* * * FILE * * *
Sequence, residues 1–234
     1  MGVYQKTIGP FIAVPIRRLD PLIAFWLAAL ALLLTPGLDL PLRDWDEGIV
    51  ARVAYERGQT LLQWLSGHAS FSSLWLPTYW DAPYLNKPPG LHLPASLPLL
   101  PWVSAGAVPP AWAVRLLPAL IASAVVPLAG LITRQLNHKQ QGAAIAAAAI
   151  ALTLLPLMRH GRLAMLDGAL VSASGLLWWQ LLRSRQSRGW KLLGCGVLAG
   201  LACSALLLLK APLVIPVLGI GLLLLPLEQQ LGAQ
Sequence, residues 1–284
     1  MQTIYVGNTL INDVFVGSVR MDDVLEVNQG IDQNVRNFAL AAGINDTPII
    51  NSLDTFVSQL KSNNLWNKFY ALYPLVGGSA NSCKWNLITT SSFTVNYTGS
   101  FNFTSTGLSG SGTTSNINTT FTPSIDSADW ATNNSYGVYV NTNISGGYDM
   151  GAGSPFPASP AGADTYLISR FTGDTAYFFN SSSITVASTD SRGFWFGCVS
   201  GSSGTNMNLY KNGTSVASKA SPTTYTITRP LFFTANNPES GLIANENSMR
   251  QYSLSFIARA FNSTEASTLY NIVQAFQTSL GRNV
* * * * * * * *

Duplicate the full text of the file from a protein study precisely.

Sequence, residues 1–234
     1  MGVYQKTIGP FIAVPIRRLD PLIAFWLAAL ALLLTPGLDL PLRDWDEGIV
    51  ARVAYERGQT LLQWLSGHAS FSSLWLPTYW DAPYLNKPPG LHLPASLPLL
   101  PWVSAGAVPP AWAVRLLPAL IASAVVPLAG LITRQLNHKQ QGAAIAAAAI
   151  ALTLLPLMRH GRLAMLDGAL VSASGLLWWQ LLRSRQSRGW KLLGCGVLAG
   201  LACSALLLLK APLVIPVLGI GLLLLPLEQQ LGAQ
Sequence, residues 1–284
     1  MQTIYVGNTL INDVFVGSVR MDDVLEVNQG IDQNVRNFAL AAGINDTPII
    51  NSLDTFVSQL KSNNLWNKFY ALYPLVGGSA NSCKWNLITT SSFTVNYTGS
   101  FNFTSTGLSG SGTTSNINTT FTPSIDSADW ATNNSYGVYV NTNISGGYDM
   151  GAGSPFPASP AGADTYLISR FTGDTAYFFN SSSITVASTD SRGFWFGCVS
   201  GSSGTNMNLY KNGTSVASKA SPTTYTITRP LFFTANNPES GLIANENSMR
   251  QYSLSFIARA FNSTEASTLY NIVQAFQTSL GRNV